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Bill Sacher
Partner & Head of Private Credit
Fred Chung
Partner & Head of Credit Underwriting, Private Credit

In episode 225 of the InsuranceAUM.com podcast, Adams Street’s Bill Sacher, Partner & Head of Private Credit, and Fred Chung, Partner & Head of Credit Underwriting, joined host Stewart Foley to discuss the dynamics of private credit portfolios and how insurance companies can build resilience in this asset class.

Transcript:

Stewart: Welcome to another edition of the InsuranceAUM.com podcast. My name’s Stewart Foley, I’ll be your host. We’ve got a great podcast for you today and it’s on a familiar topic from an unfamiliar angle. Today’s topic is private credit portfolios and the topic is building resilience in private credit portfolios for insurance companies. And we’re joined by two experts from Adams Street Partners. Bill Sacher, who’s the partner and head of private credit at Adams Street Partners. Bill also is the chair of Adams Street’s private credit investment committee and a member of the executive committee. Bill, welcome. Thanks for taking the time today.

Bill: Thank you. It’s great to be here.

Stewart: And Fred Chung, partner and head of credit underwriting at Adams Street Partners. Fred also sits on the private credit investment committee. Fred, thanks for taking the time, it’s great to have you on as well.

Fred: Thank you, Stewart, it’s a pleasure as well.

Stewart: So before we get going too far, let’s start them off the way we start them all. And I want to ask you both the first two questions, which is what’s your hometown and what was your first job? Not the fancy one. Fred, I’ll start with you, where’d you grow up?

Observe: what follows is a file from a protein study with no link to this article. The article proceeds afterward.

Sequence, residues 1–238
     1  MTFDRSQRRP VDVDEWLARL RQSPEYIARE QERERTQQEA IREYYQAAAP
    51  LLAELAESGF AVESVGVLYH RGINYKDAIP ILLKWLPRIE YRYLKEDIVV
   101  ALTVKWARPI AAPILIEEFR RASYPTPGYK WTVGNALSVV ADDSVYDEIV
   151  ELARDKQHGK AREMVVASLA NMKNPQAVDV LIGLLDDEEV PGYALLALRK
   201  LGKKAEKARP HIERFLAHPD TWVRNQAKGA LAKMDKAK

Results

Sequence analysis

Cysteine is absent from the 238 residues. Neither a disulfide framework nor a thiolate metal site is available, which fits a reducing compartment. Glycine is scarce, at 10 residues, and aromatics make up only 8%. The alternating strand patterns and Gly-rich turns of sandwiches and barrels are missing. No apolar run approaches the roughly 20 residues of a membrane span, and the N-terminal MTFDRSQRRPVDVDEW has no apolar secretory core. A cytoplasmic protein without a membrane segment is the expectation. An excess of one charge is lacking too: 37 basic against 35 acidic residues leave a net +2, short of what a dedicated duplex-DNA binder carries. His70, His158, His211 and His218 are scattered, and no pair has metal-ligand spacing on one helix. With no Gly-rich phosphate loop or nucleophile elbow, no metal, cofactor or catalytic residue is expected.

Fred: Wow, tough question for me because I’ve been all over the place. I went to four elementary schools, a middle school and a high school in two different countries. I consider New Jersey my hometown, it’s where I was born, so that would be my answer for where I’m from. But I’ve been all over the East Coast, and I actually went to high school in South Korea. In terms of my first job, my first job was cleaning hardcover books at my local library.

Stewart: Oh, wow.

Fred: I was armed with a bottle of Windex and some paper towels. Every Saturday and Sunday I had to go in there and wipe those books clean. Not much pay in that role, but it was a great service.

Stewart: That’s awesome. All right. Bill, how about you, where’d you grow up and what was your first job?

Bill: So I am a pretty hardcore New Yorker, but like Fred, I moved around a bit. I spent a number of years in Brooklyn, Bronx, and then ultimately in Westchester County where I’ve resided to this day.

Stewart: Wow. And how about your first job?

Bill: My first job was not too much more glamorous than Fred’s. I was a carriage boy at the local supermarket in my town. It was great exercise, helped build my biceps, but made me appreciate the benefits of being an executive in finance.

Stewart: That’s so true, well, put. So that’s a great way to lead in here. Adams Street is somewhat new to us, a Chicago icon for sure. Can you give us a little bit of background on Adams Street, and just how you got from being carriage boy to the senior executive position that you’re in today?